Warren has long pushed the Education Department to more expansively interpret its powers to provide debt relief to student loan borrowers.
Sen. Elizabeth Warren (D-Mass.) said Tuesday that she would take executive action to cancel most student loans, vowing to sidestep Congress to accomplish a progressive goal that faces stiff opposition from Republicans and even some moderate Democrats.
Warren detailed a sweeping new strategy to provide student debt relief to 42 million Americans on “day one” of her administration — which she said could be achieved through a presidential directive under existing law. Both Warren and her chief progressive rival, Sen. Bernie Sanders (I-Vt.), have advocated major student loan debt relief plans but Warren took that campaign promise a step further as Democrats head for a clash Tuesday night in the last debate before the Iowa caucuses.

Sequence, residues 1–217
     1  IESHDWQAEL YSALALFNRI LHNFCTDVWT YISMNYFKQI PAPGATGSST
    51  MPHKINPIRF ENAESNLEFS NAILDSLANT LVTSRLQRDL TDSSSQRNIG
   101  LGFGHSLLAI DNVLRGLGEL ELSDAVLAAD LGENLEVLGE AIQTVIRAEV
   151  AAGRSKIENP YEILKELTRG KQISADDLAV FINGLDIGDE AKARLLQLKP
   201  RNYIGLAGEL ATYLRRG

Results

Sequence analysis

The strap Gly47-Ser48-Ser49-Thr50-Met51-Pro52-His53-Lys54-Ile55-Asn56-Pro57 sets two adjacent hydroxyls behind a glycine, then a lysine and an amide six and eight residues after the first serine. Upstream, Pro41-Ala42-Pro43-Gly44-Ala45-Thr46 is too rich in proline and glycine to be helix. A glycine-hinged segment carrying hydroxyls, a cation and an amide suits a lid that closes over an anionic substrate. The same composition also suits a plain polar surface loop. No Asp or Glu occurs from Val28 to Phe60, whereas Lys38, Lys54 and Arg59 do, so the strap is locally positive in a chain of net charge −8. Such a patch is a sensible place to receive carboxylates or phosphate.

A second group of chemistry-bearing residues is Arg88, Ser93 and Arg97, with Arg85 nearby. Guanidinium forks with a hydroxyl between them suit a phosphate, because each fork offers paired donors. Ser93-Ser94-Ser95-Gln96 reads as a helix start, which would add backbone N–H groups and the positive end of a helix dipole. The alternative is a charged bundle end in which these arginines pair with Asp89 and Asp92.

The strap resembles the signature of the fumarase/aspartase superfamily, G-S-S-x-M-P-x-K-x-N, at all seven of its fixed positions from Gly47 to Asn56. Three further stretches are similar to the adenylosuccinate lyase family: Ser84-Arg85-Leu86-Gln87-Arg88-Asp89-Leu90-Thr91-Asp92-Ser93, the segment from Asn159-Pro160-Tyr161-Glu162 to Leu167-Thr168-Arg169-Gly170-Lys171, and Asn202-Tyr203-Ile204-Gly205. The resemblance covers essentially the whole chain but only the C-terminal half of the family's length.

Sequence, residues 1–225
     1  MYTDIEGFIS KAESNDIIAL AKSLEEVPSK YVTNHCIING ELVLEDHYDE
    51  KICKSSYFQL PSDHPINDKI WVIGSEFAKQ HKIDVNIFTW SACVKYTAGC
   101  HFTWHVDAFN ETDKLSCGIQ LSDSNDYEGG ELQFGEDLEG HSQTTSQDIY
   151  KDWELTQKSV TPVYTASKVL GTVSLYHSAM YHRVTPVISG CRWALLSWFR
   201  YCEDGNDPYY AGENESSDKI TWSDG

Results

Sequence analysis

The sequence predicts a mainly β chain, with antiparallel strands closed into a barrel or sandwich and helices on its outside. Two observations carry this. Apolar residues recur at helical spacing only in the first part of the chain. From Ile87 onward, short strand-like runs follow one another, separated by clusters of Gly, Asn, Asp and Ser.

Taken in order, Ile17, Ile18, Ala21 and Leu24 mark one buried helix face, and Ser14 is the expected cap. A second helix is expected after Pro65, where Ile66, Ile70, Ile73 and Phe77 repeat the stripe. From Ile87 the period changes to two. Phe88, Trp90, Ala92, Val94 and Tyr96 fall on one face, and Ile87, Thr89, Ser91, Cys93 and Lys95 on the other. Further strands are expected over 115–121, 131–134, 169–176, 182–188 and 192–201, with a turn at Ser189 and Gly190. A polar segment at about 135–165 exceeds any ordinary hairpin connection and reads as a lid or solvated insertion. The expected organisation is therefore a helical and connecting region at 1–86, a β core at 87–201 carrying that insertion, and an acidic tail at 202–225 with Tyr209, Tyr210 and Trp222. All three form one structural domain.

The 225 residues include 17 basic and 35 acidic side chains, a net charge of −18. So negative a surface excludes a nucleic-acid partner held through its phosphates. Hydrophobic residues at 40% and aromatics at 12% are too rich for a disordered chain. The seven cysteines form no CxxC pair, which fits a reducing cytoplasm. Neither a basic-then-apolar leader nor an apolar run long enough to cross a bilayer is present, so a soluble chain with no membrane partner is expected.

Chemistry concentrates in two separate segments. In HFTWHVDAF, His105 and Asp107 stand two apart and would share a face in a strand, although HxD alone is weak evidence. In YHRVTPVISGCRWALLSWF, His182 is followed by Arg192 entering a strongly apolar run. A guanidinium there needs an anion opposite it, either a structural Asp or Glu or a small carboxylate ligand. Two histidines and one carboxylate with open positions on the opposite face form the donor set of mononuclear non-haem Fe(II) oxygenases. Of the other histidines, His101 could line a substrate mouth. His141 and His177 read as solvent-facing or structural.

The Education Department “already has broad legal authority to cancel student debt, and we can’t afford to wait for Congress to act,” Warren wrote in a Medium post.
Warren’s new plan for executive action would require the Education Department to drastically expand its interpretation of the power it has to wipe out federal student loans under the Higher Education Act.
The Education Department has long had the power to “compromise” or waive student loan debt, but it has mostly done so only in limited cases to write off or settle the debts of defaulted borrowers who are unlikely to repay.
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